As Hurricane Katrina revealed, coastal communities have become far more vulnerable to tropical storms and the long-term displacement of residents. Yet, because the emergency management model presumes that recovery quickly follows response, governments focus only on short-term, localized displacement. However, long-term and long-distance displacement exposes a gray area between immediate shelter and permanent housing, along with concerns about vulnerability, housing availability, and land development. We begin this article by discussing the transition between response and recovery. We then review literature regarding social vulnerability, displacement, provision of temporary housing, households’ return decisions, and disaster-driven land development and housing construction processes. We close with thoughts on future research to increase planners’ understanding of the issues involved and to help them craft effective policies.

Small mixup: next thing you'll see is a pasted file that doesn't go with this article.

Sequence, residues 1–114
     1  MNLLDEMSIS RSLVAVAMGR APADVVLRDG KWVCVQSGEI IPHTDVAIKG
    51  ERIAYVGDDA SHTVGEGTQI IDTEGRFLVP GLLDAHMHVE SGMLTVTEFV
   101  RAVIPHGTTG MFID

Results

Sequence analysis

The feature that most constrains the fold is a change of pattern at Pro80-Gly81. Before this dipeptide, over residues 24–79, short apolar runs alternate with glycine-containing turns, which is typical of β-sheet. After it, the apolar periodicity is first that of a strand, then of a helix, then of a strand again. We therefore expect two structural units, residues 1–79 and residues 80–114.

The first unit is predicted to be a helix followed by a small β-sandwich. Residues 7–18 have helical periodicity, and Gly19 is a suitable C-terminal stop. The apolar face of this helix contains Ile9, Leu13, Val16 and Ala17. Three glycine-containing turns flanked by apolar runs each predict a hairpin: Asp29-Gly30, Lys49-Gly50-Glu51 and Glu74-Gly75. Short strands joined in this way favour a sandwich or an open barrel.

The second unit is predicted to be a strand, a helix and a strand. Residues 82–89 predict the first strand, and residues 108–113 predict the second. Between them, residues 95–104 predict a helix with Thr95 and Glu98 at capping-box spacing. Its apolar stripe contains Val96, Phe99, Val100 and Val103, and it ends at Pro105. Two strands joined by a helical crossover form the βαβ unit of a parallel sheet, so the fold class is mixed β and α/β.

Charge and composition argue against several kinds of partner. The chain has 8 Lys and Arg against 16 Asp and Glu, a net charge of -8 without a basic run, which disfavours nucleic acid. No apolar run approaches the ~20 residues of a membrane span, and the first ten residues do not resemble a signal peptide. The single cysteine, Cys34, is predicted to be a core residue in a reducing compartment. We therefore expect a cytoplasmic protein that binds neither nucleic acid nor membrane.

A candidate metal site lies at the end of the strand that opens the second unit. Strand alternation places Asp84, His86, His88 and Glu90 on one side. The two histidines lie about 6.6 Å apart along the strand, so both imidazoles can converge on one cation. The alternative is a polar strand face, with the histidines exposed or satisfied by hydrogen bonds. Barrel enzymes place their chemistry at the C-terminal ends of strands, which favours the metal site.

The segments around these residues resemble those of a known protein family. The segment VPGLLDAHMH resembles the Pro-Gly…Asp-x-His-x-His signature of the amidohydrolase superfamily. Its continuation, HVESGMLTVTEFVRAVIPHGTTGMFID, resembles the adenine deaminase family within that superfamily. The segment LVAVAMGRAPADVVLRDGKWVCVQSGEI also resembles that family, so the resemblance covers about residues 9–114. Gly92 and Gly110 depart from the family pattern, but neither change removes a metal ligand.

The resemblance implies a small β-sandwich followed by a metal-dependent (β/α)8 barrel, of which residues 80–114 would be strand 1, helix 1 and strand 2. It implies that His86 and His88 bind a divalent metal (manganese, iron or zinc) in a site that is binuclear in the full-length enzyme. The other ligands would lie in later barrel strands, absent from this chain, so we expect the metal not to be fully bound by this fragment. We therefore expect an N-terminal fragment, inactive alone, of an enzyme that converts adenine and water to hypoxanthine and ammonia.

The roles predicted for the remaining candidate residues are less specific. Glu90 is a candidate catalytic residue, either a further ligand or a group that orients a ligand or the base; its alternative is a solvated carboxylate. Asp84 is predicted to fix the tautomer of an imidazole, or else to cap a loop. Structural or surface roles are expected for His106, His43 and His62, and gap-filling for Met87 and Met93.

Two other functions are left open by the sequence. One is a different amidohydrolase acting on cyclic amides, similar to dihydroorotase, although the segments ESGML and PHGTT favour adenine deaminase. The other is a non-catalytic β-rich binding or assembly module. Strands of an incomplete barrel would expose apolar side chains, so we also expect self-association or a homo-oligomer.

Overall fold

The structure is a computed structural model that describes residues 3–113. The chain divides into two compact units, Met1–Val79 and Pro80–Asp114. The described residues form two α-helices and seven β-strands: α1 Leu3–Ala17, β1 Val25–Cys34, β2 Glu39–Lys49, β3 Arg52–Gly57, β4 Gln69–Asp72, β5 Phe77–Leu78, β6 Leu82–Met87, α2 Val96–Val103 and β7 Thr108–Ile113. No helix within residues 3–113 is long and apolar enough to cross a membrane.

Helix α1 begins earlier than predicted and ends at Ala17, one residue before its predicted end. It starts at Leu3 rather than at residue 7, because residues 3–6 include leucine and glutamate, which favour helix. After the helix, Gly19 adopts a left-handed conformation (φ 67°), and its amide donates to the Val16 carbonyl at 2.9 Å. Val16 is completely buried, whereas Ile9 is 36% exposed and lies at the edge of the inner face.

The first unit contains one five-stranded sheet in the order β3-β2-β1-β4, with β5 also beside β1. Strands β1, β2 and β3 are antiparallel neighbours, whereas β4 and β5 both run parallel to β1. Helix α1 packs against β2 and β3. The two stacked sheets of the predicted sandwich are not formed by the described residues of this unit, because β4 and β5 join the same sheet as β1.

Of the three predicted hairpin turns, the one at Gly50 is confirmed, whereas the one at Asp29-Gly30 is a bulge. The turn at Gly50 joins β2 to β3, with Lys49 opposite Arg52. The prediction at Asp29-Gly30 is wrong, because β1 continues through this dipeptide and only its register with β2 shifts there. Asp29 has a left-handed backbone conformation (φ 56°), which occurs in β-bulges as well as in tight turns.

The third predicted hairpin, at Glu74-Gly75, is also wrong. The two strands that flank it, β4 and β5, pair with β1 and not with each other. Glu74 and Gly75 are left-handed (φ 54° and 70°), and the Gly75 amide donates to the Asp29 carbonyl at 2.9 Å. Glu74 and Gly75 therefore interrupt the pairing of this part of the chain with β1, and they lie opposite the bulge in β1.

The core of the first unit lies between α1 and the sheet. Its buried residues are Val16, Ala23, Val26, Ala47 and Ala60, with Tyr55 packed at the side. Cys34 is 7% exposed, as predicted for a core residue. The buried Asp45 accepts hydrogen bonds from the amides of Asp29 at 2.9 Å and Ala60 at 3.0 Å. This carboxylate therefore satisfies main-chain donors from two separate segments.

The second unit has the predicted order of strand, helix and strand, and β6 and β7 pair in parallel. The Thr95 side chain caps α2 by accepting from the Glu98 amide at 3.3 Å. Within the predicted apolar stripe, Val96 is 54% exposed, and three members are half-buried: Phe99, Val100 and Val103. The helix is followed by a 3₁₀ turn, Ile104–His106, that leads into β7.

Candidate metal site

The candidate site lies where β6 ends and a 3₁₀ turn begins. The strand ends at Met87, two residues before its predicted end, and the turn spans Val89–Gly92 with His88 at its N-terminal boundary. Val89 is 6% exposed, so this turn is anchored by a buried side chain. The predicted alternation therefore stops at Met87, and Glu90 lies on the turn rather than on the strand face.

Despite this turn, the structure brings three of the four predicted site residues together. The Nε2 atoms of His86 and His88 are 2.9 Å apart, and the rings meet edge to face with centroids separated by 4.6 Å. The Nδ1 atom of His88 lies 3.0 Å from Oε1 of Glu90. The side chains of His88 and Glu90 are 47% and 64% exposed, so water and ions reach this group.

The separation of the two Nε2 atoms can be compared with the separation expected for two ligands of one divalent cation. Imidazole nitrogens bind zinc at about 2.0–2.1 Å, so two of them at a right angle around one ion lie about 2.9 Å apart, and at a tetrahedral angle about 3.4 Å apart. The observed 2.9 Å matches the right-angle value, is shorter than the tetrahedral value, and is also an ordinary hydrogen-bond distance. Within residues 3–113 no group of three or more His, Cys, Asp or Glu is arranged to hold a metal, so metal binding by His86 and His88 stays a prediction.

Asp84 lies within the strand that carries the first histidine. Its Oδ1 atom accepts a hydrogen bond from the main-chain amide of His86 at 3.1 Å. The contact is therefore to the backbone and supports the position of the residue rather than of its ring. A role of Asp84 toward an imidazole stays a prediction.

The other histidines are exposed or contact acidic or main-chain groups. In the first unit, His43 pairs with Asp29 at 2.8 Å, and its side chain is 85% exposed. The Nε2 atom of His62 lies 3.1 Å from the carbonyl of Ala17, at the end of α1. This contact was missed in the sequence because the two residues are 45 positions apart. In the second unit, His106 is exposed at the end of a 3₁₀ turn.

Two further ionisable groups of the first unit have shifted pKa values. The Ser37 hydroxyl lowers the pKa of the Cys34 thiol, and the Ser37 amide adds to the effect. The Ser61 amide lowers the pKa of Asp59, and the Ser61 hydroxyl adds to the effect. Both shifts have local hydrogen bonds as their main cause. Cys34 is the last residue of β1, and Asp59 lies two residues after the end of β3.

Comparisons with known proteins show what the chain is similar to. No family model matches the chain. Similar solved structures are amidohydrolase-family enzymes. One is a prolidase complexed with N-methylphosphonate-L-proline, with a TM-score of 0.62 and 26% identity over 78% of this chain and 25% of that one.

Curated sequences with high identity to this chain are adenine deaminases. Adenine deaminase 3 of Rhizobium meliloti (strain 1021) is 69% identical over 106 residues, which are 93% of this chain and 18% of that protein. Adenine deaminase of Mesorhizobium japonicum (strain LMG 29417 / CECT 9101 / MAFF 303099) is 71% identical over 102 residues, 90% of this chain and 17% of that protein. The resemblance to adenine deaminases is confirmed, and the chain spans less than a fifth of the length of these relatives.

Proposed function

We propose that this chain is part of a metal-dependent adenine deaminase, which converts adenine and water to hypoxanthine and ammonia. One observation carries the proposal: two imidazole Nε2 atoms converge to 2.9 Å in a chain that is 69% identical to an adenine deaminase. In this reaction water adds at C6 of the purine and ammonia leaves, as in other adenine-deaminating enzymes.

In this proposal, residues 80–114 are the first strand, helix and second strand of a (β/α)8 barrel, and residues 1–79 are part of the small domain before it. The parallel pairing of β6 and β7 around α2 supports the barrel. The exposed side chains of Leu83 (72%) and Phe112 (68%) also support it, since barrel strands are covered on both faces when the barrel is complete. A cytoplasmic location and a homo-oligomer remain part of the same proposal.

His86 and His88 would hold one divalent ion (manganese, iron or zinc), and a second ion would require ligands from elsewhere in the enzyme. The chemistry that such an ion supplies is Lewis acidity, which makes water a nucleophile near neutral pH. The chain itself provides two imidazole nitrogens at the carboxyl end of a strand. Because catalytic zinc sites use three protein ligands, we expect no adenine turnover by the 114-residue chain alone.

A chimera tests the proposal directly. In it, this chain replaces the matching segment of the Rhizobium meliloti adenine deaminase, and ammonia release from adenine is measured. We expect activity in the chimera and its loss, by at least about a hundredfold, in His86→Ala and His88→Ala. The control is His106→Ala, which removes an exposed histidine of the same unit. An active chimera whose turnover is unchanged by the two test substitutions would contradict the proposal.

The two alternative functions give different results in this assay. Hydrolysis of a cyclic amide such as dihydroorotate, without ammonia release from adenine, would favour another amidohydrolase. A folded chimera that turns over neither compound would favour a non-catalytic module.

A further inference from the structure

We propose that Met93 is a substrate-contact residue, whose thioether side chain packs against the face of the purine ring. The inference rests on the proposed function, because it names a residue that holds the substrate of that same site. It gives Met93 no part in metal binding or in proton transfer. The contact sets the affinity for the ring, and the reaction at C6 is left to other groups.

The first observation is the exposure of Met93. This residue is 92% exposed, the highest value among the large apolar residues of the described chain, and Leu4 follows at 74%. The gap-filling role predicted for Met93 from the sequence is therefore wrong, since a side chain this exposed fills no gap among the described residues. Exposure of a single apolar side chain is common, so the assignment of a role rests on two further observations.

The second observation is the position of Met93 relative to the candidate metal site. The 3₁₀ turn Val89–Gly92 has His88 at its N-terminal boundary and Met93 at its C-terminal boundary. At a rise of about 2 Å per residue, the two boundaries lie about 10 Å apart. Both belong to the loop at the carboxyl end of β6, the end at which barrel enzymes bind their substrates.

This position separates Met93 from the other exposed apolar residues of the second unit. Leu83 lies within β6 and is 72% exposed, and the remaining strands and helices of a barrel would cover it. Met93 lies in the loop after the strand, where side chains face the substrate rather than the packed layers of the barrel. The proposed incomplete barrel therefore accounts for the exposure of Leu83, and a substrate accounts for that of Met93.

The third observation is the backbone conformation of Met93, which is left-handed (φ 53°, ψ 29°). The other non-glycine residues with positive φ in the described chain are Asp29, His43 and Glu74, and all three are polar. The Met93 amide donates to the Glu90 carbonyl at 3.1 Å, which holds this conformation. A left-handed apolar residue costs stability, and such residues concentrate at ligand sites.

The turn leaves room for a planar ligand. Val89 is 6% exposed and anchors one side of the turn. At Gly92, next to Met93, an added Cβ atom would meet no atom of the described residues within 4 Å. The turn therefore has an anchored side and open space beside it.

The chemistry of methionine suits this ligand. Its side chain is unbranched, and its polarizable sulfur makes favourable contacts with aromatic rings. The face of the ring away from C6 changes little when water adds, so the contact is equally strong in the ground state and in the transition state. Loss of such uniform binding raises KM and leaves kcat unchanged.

Population Displacement and Housing Dilemmas Due to Catastrophic Disasters
What Racism Costs Us All
Joseph Losavio. “What Racism Costs Us All.” IMF. September 2020. https://www.imf.org/en/Publications/fandd/issues/2020/09/the-economic-cost-of-racism-losavio.
The Economic Cost of Gender-Based Discrimination in Social Institutions
Gaëlle Ferrant and Alexandre Kolev. “The economic cost of gender-based discrimination in social institutions.” OECD Development Centre. June 2016.